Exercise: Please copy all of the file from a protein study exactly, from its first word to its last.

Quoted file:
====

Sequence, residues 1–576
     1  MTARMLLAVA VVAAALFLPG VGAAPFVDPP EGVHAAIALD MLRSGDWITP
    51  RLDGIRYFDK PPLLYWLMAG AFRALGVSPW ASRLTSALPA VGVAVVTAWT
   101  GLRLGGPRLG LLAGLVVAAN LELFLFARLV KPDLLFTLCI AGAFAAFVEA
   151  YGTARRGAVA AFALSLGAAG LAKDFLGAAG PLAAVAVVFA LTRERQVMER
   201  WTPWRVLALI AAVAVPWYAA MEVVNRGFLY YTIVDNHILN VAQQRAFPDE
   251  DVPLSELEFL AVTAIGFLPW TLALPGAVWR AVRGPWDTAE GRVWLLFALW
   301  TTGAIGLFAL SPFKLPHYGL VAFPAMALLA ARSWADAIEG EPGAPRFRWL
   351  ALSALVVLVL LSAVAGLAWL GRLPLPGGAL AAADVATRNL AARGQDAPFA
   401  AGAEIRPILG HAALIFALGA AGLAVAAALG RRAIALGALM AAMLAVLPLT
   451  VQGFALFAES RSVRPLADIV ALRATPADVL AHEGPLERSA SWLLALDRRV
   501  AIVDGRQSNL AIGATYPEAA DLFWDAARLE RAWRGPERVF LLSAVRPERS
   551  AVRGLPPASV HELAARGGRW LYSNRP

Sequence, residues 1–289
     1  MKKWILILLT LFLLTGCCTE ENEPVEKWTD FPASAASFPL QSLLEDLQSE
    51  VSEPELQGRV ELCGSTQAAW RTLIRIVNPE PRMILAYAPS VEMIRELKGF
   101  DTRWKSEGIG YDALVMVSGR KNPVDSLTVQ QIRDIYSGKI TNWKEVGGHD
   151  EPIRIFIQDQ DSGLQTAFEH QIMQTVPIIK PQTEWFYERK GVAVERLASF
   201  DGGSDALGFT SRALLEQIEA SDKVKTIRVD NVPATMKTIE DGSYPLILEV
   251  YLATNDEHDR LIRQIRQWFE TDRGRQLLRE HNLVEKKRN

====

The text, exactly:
Sequence, residues 1–576
     1  MTARMLLAVA VVAAALFLPG VGAAPFVDPP EGVHAAIALD MLRSGDWITP
    51  RLDGIRYFDK PPLLYWLMAG AFRALGVSPW ASRLTSALPA VGVAVVTAWT
   101  GLRLGGPRLG LLAGLVVAAN LELFLFARLV KPDLLFTLCI AGAFAAFVEA
   151  YGTARRGAVA AFALSLGAAG LAKDFLGAAG PLAAVAVVFA LTRERQVMER
   201  WTPWRVLALI AAVAVPWYAA MEVVNRGFLY YTIVDNHILN VAQQRAFPDE
   251  DVPLSELEFL AVTAIGFLPW TLALPGAVWR AVRGPWDTAE GRVWLLFALW
   301  TTGAIGLFAL SPFKLPHYGL VAFPAMALLA ARSWADAIEG EPGAPRFRWL
   351  ALSALVVLVL LSAVAGLAWL GRLPLPGGAL AAADVATRNL AARGQDAPFA
   401  AGAEIRPILG HAALIFALGA AGLAVAAALG RRAIALGALM AAMLAVLPLT
   451  VQGFALFAES RSVRPLADIV ALRATPADVL AHEGPLERSA SWLLALDRRV
   501  AIVDGRQSNL AIGATYPEAA DLFWDAARLE RAWRGPERVF LLSAVRPERS
   551  AVRGLPPASV HELAARGGRW LYSNRP

Sequence, residues 1–289
     1  MKKWILILLT LFLLTGCCTE ENEPVEKWTD FPASAASFPL QSLLEDLQSE
    51  VSEPELQGRV ELCGSTQAAW RTLIRIVNPE PRMILAYAPS VEMIRELKGF
   101  DTRWKSEGIG YDALVMVSGR KNPVDSLTVQ QIRDIYSGKI TNWKEVGGHD
   151  EPIRIFIQDQ DSGLQTAFEH QIMQTVPIIK PQTEWFYERK GVAVERLASF
   201  DGGSDALGFT SRALLEQIEA SDKVKTIRVD NVPATMKTIE DGSYPLILEV
   251  YLATNDEHDR LIRQIRQWFE TDRGRQLLRE HNLVEKKRN